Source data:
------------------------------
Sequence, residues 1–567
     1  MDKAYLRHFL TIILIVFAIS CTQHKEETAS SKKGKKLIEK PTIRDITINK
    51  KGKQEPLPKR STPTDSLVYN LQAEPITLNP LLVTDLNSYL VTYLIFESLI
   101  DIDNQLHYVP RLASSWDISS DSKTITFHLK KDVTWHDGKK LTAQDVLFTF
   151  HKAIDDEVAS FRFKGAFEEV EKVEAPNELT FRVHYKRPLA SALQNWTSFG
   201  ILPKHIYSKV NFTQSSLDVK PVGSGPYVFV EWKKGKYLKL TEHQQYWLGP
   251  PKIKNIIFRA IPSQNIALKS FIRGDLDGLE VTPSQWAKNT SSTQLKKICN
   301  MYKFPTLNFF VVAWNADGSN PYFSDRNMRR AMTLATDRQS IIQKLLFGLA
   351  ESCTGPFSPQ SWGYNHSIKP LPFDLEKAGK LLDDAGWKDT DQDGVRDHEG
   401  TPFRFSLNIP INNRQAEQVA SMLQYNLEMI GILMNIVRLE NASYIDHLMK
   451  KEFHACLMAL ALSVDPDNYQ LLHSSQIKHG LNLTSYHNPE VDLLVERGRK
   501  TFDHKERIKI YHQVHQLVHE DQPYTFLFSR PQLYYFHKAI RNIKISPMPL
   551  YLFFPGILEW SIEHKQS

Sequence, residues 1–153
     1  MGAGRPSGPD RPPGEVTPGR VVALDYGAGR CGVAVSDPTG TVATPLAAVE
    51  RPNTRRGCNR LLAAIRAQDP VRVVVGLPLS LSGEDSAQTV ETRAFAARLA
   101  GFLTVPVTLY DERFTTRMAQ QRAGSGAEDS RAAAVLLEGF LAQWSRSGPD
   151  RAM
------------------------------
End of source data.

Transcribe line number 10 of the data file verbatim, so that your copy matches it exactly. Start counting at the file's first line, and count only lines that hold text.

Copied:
   401  TPFRFSLNIP INNRQAEQVA SMLQYNLEMI GILMNIVRLE NASYIDHLMK